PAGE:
November 17, 2016
Uninsured individuals who had greater knowledge about health insurance and financial issues were more likely to gain coverage after health insurance exchanges opened under the federal Affordable Care Act, according to a new RAND Corporation study.
For a typical person who was uninsured in 2013, the chance of being insured in 2015 was 9.2 percentage points higher if they had high health insurance literacy as compared to someone with low health insurance literacy, after adjusting for other factors.
The effects of high health insurance and financial literacy were significantly linked to obtaining coverage even after researchers considered other factors, such as a person's income level, employment and political affiliation.
Researchers say the findings have implications for improving insurance uptake in insurance markets, suggesting it is important to improve the public's health insurance literacy, as well as to design health plans and supporting materials that can be easily understood.
“Limited health insurance and financial literacy may make it difficult for consumers to assess whether insurance premiums are 'worth it,'” said Katherine Carman, senior author of the study and an economist at RAND, a nonprofit research organization. “Efforts to decrease the number of uninsured adults should consider that these individuals may have a hard time deciphering health insurance information.”
The findings are published online by the journal Medical Care.
The study is based on surveys conducted with 2,742 adults aged 18 to 64 who participate in the RAND American Life Panel, a nationally representative internet-based survey panel.
Participants' health insurance and financial literacy was assessed by brief questionnaires commonly used to test financial literacy. Researchers also assessed participants' health insurance status in the fall of 2013 (before health insurance exchanges created under the ACA opened) and again in the spring of 2015.
Overall, about 60 percent of study participants who were initially uninsured gained health insurance by spring of 2015.
Among people with high health insurance literacy who were uninsured in 2013, 64 percent had obtained coverage by 2015, compared with 48 percent among those with low health insurance literacy, before adjusting for other factors. Among people with high financial literacy who were uninsured in 2013, 70 percent had obtained coverage by 2015, compared to 56 percent among those with low financial literacy.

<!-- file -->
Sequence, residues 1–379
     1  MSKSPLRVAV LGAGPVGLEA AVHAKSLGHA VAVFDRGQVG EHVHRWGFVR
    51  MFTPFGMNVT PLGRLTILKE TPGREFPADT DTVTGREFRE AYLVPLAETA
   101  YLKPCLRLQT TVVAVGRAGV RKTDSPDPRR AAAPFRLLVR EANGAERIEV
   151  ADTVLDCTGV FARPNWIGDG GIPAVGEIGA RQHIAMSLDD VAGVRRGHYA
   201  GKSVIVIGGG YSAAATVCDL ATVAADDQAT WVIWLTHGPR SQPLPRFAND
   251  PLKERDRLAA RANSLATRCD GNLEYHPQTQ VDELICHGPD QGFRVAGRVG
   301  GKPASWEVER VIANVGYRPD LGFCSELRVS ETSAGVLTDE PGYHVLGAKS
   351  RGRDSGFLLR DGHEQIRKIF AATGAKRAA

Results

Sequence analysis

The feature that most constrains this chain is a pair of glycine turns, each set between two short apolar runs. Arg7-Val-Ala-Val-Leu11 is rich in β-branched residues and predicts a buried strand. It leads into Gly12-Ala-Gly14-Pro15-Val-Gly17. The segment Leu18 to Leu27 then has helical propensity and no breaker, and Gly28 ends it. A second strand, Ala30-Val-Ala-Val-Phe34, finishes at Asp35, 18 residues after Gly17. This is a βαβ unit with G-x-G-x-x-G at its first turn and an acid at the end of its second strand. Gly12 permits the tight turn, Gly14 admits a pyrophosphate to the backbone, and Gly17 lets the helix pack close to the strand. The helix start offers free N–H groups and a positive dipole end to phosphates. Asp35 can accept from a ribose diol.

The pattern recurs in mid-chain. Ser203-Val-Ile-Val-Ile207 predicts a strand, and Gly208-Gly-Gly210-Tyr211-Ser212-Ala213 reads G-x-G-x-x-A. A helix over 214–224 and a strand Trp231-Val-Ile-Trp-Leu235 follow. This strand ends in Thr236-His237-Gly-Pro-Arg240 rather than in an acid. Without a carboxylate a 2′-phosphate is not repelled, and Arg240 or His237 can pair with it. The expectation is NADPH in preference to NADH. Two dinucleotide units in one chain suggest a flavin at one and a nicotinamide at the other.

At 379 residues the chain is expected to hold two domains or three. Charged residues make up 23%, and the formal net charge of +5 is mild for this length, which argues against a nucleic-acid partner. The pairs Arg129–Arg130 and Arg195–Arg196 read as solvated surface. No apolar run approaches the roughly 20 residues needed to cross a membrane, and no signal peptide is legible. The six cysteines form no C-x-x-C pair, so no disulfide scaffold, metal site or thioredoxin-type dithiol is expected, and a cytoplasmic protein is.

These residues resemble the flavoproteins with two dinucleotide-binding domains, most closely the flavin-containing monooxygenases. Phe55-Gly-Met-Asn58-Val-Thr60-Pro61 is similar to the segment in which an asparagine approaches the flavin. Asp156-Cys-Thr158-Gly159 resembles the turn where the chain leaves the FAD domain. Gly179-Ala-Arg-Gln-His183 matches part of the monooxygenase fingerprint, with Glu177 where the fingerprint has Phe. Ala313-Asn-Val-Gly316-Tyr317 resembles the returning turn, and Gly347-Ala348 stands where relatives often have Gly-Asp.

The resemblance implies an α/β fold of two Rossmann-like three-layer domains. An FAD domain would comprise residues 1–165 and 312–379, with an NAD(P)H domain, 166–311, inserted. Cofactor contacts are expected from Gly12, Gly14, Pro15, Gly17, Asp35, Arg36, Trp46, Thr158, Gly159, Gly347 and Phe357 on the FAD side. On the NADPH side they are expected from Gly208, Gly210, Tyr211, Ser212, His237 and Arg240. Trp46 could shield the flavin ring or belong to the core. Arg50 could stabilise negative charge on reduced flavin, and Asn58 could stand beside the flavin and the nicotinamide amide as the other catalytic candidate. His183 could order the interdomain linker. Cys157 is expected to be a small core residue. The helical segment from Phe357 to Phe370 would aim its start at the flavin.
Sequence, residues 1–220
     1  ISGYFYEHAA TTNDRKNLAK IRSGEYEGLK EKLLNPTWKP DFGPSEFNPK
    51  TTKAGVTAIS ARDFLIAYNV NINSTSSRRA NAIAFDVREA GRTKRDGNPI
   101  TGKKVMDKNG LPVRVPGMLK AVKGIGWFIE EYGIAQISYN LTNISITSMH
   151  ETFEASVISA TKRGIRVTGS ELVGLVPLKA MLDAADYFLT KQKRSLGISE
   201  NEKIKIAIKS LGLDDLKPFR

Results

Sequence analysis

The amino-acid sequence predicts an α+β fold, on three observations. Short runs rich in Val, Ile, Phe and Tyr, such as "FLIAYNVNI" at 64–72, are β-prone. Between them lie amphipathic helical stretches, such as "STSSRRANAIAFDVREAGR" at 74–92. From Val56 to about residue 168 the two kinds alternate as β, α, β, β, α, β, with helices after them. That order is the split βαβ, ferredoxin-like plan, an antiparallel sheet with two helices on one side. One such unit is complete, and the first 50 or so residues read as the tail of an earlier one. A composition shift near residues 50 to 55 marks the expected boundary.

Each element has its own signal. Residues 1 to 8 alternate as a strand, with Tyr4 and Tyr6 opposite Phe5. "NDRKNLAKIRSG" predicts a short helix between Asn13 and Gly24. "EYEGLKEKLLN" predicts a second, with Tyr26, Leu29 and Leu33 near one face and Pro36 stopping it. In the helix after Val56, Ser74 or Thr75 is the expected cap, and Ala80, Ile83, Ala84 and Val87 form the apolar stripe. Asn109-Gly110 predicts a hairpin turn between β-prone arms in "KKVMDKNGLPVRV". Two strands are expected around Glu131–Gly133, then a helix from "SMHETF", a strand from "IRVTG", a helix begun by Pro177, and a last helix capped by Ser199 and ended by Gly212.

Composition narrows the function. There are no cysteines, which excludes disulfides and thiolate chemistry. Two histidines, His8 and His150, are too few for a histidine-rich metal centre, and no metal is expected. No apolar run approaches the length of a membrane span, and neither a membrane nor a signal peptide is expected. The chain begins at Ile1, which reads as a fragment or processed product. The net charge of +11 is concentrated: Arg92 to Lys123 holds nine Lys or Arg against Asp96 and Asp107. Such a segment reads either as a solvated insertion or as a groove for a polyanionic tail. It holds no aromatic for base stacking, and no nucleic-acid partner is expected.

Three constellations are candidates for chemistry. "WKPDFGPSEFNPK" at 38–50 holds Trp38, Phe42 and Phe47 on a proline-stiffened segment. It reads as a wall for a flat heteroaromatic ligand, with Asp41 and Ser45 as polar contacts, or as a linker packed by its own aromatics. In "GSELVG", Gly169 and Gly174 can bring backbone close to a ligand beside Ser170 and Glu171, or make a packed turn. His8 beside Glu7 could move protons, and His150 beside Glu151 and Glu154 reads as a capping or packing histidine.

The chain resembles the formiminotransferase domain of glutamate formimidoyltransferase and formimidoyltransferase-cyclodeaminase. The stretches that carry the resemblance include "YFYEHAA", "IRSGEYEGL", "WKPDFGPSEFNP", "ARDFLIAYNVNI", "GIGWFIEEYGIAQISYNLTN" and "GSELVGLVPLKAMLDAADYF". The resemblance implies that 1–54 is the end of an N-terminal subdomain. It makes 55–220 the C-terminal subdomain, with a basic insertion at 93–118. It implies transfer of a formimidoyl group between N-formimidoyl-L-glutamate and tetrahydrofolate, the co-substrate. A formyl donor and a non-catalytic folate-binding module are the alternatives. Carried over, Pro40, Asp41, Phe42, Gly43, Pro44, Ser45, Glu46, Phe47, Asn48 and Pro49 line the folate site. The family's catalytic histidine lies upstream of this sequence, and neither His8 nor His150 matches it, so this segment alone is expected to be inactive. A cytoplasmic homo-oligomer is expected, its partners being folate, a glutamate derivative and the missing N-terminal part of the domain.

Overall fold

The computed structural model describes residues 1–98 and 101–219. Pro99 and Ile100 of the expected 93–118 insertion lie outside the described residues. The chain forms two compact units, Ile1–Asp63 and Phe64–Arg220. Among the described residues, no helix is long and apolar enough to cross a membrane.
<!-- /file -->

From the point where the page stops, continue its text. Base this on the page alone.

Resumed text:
“It is remarkable that the association between financial literacy and people's insurance decisions is similar in size to things we normally associate as being a key to someone having health insurance, such as education levels and whether someone is employed,” Carman said.
Researchers say that findings demonstrate that policies and programs intended to further reduce the numbers of uninsured—especially through Medicaid and the ACA marketplaces—should take into account the financial literacy and health insurance knowledge of the groups they are trying to reach.
“Because the ACA relies on consumer choice, those who are uninsured and have low health insurance literacy represent a particularly vulnerable population because obtaining coverage may be especially difficult for them,” Carman said.
Support for the study was provided by the National Institute on Aging and the Bing Center for Health Economics at RAND. Other authors of the study are Maximiliane Hoerl, Amelia Wuppermann and Joachim K. Winter of the University of Munich, Silvia H. Barcellos of the University of Southern California, and Sebastian Bauhoff of the Center for Global Development.
RAND Health is the nation's largest independent health policy research program, with a broad research portfolio that focuses on health care costs, quality and public health preparedness, among other topics.